Bioresorbable stent

A bioresorbable stent can be inserted into a blood vessel or other internal duct to expand it to prevent or alleviate a blockage.  

It is called a bioresorbable scaffold, biodegradable stent or naturally-dissolving stent.

Like metal stents, placement of a bioresorbable stent will restore blood flow and support the vessel through the healing process. 

Bioresorbable stents, gradually resorb and can be benignly cleared from the body, enabling a natural reconstruction of the arterial wall and restoration of vascular function.

The  most critical period of vessel healing is largely complete by approximately three to nine months, and the goal of a bioresorbable or temporary stenting  is to fully support the vessel during this critical period, and then resorb from the body when it is no longer needed.

Bioabsorbable scaffolds include base materials that are either metals or polymers, and metallic magnesium-based scaffolds.

Metal stent candidates are iron, magnesium, zinc and their alloys.

Magnesium-based scaffolds have been implanted and a option in delivering against the drawbacks of permanent stents.

It degrades harmlessly, with functional degradation time of about 30 days in vivo, short of the three-to-six month window desired for bioabsorbable stents.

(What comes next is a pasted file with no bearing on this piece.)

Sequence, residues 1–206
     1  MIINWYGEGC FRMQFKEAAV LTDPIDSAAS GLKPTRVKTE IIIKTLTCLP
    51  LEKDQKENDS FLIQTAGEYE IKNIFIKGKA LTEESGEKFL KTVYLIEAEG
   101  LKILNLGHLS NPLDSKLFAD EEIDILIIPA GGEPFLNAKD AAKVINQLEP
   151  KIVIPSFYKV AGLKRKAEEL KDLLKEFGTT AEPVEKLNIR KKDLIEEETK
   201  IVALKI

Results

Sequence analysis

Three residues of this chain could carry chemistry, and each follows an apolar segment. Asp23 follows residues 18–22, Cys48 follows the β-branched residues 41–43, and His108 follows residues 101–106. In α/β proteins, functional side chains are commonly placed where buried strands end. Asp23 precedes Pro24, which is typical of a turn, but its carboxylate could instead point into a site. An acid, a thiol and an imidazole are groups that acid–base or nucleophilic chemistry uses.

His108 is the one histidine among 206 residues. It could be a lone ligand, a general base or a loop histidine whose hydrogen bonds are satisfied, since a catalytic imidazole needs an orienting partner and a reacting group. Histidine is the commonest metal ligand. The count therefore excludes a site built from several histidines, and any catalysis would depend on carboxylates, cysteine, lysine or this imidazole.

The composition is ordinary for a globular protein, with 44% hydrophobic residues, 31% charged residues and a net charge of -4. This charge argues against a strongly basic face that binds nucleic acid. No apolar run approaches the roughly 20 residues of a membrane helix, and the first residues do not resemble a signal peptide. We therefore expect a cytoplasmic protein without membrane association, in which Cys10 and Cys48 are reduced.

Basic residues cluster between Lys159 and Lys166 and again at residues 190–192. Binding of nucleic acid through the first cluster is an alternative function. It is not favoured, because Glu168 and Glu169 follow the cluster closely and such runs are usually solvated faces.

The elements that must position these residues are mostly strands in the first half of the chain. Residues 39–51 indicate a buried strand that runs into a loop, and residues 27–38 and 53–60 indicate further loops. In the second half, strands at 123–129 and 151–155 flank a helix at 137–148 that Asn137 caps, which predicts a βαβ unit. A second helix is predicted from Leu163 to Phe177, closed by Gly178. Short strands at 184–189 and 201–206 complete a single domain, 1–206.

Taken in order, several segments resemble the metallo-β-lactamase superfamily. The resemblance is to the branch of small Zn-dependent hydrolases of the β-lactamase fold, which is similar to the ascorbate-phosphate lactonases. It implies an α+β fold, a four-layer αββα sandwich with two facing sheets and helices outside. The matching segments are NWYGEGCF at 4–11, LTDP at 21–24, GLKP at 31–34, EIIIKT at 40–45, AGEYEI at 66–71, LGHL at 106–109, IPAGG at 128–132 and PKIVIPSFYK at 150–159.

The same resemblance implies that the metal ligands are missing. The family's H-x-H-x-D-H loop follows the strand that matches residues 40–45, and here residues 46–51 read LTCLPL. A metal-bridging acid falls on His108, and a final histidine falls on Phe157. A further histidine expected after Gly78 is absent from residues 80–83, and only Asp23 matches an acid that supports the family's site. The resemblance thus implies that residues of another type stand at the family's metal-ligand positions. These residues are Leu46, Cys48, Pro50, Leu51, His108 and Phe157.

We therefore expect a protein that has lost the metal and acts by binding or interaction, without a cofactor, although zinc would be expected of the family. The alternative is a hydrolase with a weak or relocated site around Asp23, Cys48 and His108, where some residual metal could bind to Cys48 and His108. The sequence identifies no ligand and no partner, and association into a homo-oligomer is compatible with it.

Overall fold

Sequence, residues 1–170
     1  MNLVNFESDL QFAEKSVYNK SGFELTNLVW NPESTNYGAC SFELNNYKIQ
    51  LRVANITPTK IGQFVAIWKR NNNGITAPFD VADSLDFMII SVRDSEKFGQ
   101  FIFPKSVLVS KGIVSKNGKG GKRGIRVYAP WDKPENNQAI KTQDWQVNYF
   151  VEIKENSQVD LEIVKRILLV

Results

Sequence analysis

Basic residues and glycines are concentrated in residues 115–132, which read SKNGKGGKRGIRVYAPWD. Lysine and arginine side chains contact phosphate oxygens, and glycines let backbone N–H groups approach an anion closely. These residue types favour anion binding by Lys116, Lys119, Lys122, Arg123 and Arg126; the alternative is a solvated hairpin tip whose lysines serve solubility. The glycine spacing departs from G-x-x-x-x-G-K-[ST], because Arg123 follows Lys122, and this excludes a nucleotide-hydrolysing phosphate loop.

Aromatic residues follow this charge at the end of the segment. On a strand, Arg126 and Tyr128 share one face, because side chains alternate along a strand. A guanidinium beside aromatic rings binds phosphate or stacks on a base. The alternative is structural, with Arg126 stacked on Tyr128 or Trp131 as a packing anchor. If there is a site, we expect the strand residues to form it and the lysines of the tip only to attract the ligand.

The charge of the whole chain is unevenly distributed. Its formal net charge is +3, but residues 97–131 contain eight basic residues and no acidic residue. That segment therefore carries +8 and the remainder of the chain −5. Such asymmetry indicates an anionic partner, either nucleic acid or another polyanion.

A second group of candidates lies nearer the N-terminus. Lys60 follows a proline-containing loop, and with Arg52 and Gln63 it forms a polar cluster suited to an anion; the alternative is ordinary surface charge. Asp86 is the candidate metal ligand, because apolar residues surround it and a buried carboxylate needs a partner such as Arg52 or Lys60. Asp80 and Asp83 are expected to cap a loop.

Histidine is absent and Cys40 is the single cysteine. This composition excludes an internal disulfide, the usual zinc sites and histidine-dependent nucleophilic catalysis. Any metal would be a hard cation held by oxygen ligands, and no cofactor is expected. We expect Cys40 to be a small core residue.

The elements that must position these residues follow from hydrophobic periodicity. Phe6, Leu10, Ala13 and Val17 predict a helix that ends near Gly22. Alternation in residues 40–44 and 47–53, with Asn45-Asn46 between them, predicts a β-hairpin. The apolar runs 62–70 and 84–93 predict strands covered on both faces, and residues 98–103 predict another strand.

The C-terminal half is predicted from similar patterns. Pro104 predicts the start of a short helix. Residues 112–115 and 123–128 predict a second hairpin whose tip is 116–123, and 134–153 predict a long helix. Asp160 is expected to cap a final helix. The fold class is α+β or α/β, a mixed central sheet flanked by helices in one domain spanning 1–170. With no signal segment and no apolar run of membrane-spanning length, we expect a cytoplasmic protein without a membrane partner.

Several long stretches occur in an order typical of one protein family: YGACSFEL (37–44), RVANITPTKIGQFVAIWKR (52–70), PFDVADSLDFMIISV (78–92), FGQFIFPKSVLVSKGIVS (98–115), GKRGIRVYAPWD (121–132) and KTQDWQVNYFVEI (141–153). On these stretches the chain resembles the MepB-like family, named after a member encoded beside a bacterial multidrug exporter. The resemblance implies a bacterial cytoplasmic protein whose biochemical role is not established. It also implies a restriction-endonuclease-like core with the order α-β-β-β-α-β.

Recently, zinc was shown to exhibit outstanding physiological corrosion behavior, and is being evaluated.

Polymer-based stents are able to maintain a radially strong scaffold that breaks down over time into lactic acid, a naturally occurring molecule that the body can use for metabolism. 

Resorbable scaffolds, or naturally dissolving stents, offer comparable efficacy and safety profile to drug-eluting stents. 

The Magmaris resorbable magnesium scaffold has a favorable safety profile with low target lesion failure and scaffold thrombosis rates. 

The Absorb naturally dissolving stent is also been investigated: the naturally dissolving stent begins to dissolve from six to 12 months and is fully dissolved between two and three years after it is placed in the artery.

The artery is able to dilate and contract, called vasomotion, similar to a healthy blood vessel at two years.

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